Detailed Description of a Cell and its Basic Functioning
Even though the basic elements in the aluminum production are still the same invented by Hall and Héroult more than 100 years ago, a modern industrial electrolysis cell is different from the first pots of the 19th century.
First of all, the size of the cells is changed to accommodate for the much larger current intensities used nowadays. Secondly, in a modern pot we find a series of elements used to reduce the energy consumption and the gas emissions.
The alumina reduction occurs in a vessel which is made of several parts designed altogether to:
- Act as a container for the molten bath and aluminum
- Resist to the high temperatures (around 950°C) of the molten liquids it contains
- Resist to chemical attacks brought especially by the molten electrolyte constituents
- Resist to wearing caused by alumina abrasive behavior
- Reduce heat losses to a technical and economical optimal minimum
- Be mechanically enough resistant, but also with sufficient elasticity in order to accommodate for the thermal and physical expansion of the materials it contains
- Collect the electrical current coming from the anodes with a minimum voltage drop
To achieve all these properties the vessel is made with a combination of different materials. First, we find an outer steel container, usually referred as potshell, which contains all the other elements of the cell. On the potshell bottom are deposited some layers of thermally insulating bricks with the aim of reducing heat losses from the bath. Above this, we find a refractory bricks layer which are very resistant to prolonged periods of exposition to the cell high temperatures. The carbon blocks that physically constitute the container of the molten aluminum and electrolyte stay above these bricks layers. The bottom blocks are called cathodes, even though electrochemically speaking is the metal pool which acts as cathode. They also collect the current exiting from the metal pad. The container sides are made with other carbon blocks. Cathodes and side blocks are joined together with a mix of pitch and carbon dust that is pressed inside the joints between them. At the bottom of every cathode we find a slot that accommodates an iron bar, called collector bar, with the purpose to transport outside of the cell the current collected by the cathode. Cathode and collector bar are joined together filling the space between them with molten cast iron, which subsequently freezes bonding together the parts.
The vessel described above contains, as said before, the molten aluminum and electrolyte. Due to the different densities, the molten bath stays above the molten metal, as the oil stays on the top of the water to give a practical example. In the molten bath occur all the chemical reactions for the alumina reduction. This reactions are driven by the electrical current transported inside the bath by the carbon anodes partially immersed into the molten bath.
The term “anode” refers not only to the carbon block. More in general an anode is made by a rod, a yoke and a series of stubs (1 to 6 generally) partially housed in rounded cavities obtained in the carbon blocks. Anode rods are made with copper or aluminum while yoke and stubs are made with iron. The carbon part of the anode is joined together with the metallic part of the anode assembly pouring molten cast iron in the space between the anode cavity and the rod. The molten cast iron freezes joining together the carbon block and the metallic part. In a modern pot we can find up to 40 anodes and because the carbon of the anodes participates to the chemical reactions, hence being consumed, they need to be replaced on a regular basis.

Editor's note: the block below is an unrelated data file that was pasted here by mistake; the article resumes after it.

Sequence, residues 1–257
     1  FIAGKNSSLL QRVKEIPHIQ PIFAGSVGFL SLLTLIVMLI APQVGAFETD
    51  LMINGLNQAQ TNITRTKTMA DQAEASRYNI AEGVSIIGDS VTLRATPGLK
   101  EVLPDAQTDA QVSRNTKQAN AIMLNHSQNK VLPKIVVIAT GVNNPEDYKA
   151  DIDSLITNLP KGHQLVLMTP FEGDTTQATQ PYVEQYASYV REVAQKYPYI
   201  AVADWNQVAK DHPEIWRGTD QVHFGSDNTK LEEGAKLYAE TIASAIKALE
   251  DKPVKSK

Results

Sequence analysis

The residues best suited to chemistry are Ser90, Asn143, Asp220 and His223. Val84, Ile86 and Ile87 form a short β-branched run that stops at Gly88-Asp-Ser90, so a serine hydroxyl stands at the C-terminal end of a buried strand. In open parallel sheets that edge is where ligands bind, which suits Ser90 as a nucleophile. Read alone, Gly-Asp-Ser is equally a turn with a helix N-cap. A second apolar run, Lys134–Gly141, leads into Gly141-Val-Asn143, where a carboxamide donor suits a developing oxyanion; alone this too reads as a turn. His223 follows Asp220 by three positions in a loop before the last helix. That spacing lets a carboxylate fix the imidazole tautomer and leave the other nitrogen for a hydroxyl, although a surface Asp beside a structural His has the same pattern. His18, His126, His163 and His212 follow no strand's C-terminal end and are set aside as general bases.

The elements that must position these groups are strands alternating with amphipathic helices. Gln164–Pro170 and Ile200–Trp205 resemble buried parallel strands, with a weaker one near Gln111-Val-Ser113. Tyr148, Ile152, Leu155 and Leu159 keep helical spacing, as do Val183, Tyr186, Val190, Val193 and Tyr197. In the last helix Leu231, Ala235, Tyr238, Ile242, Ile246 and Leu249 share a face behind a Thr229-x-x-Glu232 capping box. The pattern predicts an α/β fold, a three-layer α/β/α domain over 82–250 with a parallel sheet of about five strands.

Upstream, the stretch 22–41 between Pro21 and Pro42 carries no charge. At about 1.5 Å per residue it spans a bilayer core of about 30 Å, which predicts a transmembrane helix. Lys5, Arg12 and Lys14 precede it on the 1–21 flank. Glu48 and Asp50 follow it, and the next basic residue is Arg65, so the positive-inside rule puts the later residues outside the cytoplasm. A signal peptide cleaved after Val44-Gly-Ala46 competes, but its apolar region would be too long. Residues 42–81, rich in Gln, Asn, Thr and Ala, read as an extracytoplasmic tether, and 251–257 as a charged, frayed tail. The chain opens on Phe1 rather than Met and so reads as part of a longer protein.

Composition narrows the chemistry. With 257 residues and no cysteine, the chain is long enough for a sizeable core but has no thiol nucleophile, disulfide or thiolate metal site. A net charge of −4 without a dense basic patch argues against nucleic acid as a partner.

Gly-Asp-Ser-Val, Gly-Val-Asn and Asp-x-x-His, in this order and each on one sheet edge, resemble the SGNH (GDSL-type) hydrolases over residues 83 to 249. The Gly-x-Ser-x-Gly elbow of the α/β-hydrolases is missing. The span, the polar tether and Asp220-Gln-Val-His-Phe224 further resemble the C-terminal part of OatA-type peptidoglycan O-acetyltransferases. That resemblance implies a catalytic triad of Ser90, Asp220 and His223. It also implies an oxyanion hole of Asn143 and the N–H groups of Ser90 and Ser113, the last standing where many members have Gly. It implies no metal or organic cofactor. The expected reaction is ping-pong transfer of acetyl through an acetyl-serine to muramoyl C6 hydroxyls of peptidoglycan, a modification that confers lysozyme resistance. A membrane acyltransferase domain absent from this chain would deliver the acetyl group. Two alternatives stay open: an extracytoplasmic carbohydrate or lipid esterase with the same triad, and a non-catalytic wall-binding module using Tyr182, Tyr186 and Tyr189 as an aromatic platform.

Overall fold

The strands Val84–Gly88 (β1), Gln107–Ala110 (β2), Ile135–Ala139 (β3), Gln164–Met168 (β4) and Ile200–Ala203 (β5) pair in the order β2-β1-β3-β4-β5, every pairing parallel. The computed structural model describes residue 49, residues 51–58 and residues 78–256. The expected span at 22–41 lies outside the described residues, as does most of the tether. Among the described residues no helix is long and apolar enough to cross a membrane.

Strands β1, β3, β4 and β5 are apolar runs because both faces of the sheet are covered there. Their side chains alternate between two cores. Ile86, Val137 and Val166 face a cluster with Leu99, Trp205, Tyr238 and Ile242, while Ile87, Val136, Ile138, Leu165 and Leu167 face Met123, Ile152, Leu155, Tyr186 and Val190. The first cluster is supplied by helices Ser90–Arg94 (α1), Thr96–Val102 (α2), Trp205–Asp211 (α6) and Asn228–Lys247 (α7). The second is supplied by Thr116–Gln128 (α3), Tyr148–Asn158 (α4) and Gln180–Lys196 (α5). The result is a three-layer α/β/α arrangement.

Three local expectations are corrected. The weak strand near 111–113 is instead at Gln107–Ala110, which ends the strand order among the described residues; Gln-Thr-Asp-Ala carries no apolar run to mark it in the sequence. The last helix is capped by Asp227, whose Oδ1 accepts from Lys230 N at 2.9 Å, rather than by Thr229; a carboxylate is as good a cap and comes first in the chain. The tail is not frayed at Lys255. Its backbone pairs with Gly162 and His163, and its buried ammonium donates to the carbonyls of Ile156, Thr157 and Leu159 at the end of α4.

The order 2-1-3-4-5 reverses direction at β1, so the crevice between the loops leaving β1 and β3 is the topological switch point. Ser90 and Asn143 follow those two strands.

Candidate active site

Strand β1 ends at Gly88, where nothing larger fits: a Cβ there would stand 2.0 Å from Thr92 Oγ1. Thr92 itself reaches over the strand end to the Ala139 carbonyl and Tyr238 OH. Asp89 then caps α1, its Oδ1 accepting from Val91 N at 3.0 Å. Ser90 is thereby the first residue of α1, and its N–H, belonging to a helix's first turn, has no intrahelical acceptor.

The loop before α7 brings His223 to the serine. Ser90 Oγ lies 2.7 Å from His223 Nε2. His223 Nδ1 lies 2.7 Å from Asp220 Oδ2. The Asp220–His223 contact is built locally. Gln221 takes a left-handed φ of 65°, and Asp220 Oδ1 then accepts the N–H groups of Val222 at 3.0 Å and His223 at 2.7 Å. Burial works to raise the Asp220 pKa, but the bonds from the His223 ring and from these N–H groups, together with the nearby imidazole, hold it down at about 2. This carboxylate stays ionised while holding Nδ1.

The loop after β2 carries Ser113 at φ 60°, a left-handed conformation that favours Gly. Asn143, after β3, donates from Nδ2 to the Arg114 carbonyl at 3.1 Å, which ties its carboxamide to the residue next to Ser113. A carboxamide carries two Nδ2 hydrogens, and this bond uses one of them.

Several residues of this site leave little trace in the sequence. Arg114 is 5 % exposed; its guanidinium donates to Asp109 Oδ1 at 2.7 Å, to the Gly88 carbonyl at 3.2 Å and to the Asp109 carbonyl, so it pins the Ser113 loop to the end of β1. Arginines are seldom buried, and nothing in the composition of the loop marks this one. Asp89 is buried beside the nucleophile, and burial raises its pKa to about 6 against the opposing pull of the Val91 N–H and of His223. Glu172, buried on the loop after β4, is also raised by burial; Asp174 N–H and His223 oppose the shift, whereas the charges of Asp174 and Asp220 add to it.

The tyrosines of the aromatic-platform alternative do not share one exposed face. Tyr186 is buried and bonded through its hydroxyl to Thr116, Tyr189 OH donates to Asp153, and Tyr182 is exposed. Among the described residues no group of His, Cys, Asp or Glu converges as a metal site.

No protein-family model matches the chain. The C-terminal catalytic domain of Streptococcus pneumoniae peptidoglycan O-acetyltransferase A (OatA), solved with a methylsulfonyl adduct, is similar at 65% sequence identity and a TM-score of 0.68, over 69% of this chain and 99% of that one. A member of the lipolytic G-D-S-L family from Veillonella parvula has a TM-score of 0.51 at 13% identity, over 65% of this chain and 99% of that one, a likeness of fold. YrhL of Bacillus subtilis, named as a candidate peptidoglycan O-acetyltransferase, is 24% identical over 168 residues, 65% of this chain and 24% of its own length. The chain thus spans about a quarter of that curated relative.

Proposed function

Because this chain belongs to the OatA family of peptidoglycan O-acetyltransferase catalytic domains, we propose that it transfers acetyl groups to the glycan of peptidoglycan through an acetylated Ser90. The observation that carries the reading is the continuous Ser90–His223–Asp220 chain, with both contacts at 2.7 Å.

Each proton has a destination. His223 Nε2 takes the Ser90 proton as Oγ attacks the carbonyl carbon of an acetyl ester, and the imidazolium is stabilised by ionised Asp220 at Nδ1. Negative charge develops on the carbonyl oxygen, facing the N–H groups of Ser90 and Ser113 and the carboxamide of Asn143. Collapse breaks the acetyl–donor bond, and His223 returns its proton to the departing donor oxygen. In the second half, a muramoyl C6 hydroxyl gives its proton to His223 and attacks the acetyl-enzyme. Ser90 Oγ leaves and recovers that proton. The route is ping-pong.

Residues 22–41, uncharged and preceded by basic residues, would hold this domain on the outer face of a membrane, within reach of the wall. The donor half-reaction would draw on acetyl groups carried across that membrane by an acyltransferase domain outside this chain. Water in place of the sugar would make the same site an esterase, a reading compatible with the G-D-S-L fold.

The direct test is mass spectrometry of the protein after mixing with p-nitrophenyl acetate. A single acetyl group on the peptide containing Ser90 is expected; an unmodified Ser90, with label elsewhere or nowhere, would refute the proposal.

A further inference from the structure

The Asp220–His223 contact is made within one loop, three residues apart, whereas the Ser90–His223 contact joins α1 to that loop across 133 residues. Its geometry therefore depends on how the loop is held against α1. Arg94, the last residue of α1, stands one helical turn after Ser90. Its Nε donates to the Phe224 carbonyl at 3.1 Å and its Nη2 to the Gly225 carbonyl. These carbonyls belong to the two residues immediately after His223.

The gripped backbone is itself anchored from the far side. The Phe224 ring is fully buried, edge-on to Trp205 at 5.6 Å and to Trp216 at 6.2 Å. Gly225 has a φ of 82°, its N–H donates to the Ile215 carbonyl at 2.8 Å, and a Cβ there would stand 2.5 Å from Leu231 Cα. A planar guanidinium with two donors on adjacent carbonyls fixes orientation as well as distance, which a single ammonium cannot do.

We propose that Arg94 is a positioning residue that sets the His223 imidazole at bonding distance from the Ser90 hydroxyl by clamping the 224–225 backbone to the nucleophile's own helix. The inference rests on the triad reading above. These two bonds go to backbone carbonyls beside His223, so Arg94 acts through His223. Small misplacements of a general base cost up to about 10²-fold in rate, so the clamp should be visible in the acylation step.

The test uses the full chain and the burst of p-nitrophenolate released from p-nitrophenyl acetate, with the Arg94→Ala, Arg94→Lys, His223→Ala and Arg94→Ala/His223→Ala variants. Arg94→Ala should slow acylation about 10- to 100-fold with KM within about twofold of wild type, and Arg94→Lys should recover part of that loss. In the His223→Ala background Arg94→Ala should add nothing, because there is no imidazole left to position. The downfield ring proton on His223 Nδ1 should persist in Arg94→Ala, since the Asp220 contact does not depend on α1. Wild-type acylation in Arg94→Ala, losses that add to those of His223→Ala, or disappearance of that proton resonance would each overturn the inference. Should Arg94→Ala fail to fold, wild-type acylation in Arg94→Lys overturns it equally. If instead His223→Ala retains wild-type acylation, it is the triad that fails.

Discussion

All the anodes of a cell are fixed to an aluminum structure, called “bridge”. The bridge transports the electrical current to the anodes and is also equipped with an electrical motor and a series of levers in order to raise or lower all the anodes of a cell. In this way it is possible to control the voltage at which the pot is operating.
Because of the high working temperatures of the anodes, on the top of them is put a protective layer of material made of a mix of crushed bath and alumina, in order to avoid their burning to the air. This protective layer is called “crust”.
The CO2 formed by the reaction of the anodes with the alumina oxygen escapes from the bath as gas bubbles, while the aluminum, being no more bonded with the oxygen is deposited in the metal pad inventory, increasing its height as the production goes on.
As the aluminum production proceeds, the alumina dissolved into the bath is depleted, and needs to be restored on a regular basis. Each cell, hence, is equipped with an alumina bin with a feeding system which delivers alumina to the electrolyte.
This feeding system is made of a crust breaker, basically made with a steel rod operated with a pneumatic cylinder, which opens a hole on the crust, and a corresponding alumina feeder, which dumps a certain amount of alumina into the molten bath from the hole opened in the crust by the crust breaker. The bath is then restored in its alumina content. Depending on the pot size, each pot can have 1 to 6 crust breakers and alumina feeders. On some pot technologies, crust breaker and alumina feeder are integrated.
The feeding operations are usually controlled by a computer control system following some algorithms.
To collect the fumes escaping from the pot crust, due to the bath evaporation, the pots are completely closed with removable pot covers, which collect the gases coming from the bath and direct them towards the gas treatment center.